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DIRECTOR’S REPORT AGM, 11 October 2010 by Lungisa Huna C A T H O L I C W E L F A R E & D E V E L O P M E N T.

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Presentation on theme: "DIRECTOR’S REPORT AGM, 11 October 2010 by Lungisa Huna C A T H O L I C W E L F A R E & D E V E L O P M E N T."— Presentation transcript:

1 DIRECTOR’S REPORT AGM, 11 October 2010 by Lungisa Huna C A T H O L I C W E L F A R E & D E V E L O P M E N T

2 “The best way to find yourself is to lose yourself in the service of others.” -- Mahatma Gandhi The sheer significance of this fairly simple quote: It speaks to the very fundamentals of Catholic social teaching, and what it teaches about helping and supporting each other, both the served and the server. It certainly informs my view of what an organisation such as CWD is all about; it’s about service and a commitment to bringing humanity to parity with oneself. Experience teaches one that this mutually enforcing relation- ship, however successful, almost always comes at a cost, with a certain measure of pain and uncertainty.

3 SOME INTRODUCTORY THOUGHTS 40 years ago, for good reason, SA was overseas funders’ favourite cause. The political dynamic may well have changed, but the needs certainly haven’t. Development in South Africa is supposed to move in step with the consolidation of our democracy. But, 16 years on, hunger remains one of our country’s biggest problems. The rand has been strengthened by about 20% since the start of the recession two years ago. This automatically translates into less money for the organisation. The recession has ushered in a strong element of uncertainty for the NGO sector, especially in terms of secured funding. So the whole funding dynamic is affected by macro-economics.

4 Our experiences have taught us the following: – Real impact and learnings do not always translate into numbers. – T he effect of changes in the economy on CWD and the roll-out of its work showed certain focus areas to be less affected, while other projects started to show increasing income levels. – The value of creative thinking, critical analysis and evaluation, which prompted CWD to pursue its strategy of integrating programmes and fine-tuning its community-based structures to become self-reliant, sustainable models, able to exit the organisation. C A T H O L I C W E L F A R E & D E V E L O P M E N T THE PAST YEAR IN BRIEF

5 THE PAST YEAR (cont) It also taught us: –The importance of fine-tuning our procurement policy to offset savings against expected reduction in funder income; –That re-assessing our marketing and fund development strategies was essential, aligning them with global trends and directions (entering into strategic dialogues with funders and government to this end); –Despite tight economic conditions, we honoured all our programme commitments, continued to build internal capacity, started innovative pilot projects and challenged ourselves to become a cutting-edge organisation – always willing and ready to adapt to change. C A T H O L I C W E L F A R E & D E V E L O P M E N T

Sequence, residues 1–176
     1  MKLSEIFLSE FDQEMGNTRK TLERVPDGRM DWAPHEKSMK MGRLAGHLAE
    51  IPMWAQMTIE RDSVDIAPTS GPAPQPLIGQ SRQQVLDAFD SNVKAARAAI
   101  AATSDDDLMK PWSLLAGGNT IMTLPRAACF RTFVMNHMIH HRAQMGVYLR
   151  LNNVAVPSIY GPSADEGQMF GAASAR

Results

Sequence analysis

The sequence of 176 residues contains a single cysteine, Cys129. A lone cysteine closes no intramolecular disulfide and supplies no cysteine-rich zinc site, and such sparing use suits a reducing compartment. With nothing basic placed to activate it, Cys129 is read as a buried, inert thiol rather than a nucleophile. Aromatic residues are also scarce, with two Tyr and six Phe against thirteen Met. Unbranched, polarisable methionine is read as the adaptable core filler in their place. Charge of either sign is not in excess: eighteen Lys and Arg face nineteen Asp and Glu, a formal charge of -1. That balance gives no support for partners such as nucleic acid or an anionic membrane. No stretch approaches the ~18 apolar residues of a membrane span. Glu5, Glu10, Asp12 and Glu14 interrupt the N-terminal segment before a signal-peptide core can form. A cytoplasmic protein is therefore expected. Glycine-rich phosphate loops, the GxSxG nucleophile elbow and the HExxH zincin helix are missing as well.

6 OUTCOME One significant outcome is the establishment of six commissions: –On lobbying and advocacy; –One dealing with the Department of Social Development –An environmental commission; –A commission dealing with integration; –One dealing with CWD’s objectives; and –A commission for the 2010 Soccer World Cup. These commissions are to be driven by CWD managers and staff, each volunteering to serve on a specific commission. A leading, dynamic organisation, professionally enhancing self-reliant communities

7 THE PRESENT: A CASE IN HAND Our experience has shown that: Understanding sustainability in financial terms misses the point; it is about believing in the organisation’s vision, working with passion and commitment, and a strong sense of empowerment. Programmatically, there is still a huge demand for youth-related projects, particularly the 9-12 age group. Family education programmes are key to the design of our programmes, and that only a holistic approach can address the underlying issues of family breakdowns.

8 THE PRESENT: A CASE IN HAND (cont) Cohesive and strategic leadership is about team building, working towards collective, integrated leadership, requiring integrated thinking as part of our defined development practice. Increased community participation and control of local- level development processes, to ensure proper mobilisation and management of resources, leads to real improvements in quality of life. It is important for CWD to broaden its horizons, connect more closely with the rest of the country, exchange learnings, work to scale, share models, extend services and engage in inter-organisational partnerships.

9 THE PRESENT: A CASE IN HAND (cont) As a development arm of the Church, CWD needs to build stronger links with the Southern African Catholic Bishops’ Conference (SACBC) and other Catholic agencies. The relationship with government needs to be built into a much stronger partnership, particularly since our deepened strategies and interventions are in line with government’s thinking. It is important to carry on our organisational development (OD) practices, enabling people at CWD to make relevant shifts in their own lives; capacity building and training are part of the organisation’s streamlining process. Development of emerging leaders, more sustainable strategies and approaches, and more streamlined systems are indispensable to the future of our organisation. I would like to take this opportunity to express CWD’s deepest, most heartfelt gratitude to our management board, donors, champions, supporters and volunteers, for believing in our vision and practice in making a difference to the lives of others.

10 Amplifying the voice of the voiceless and serving humanity through the greater good!

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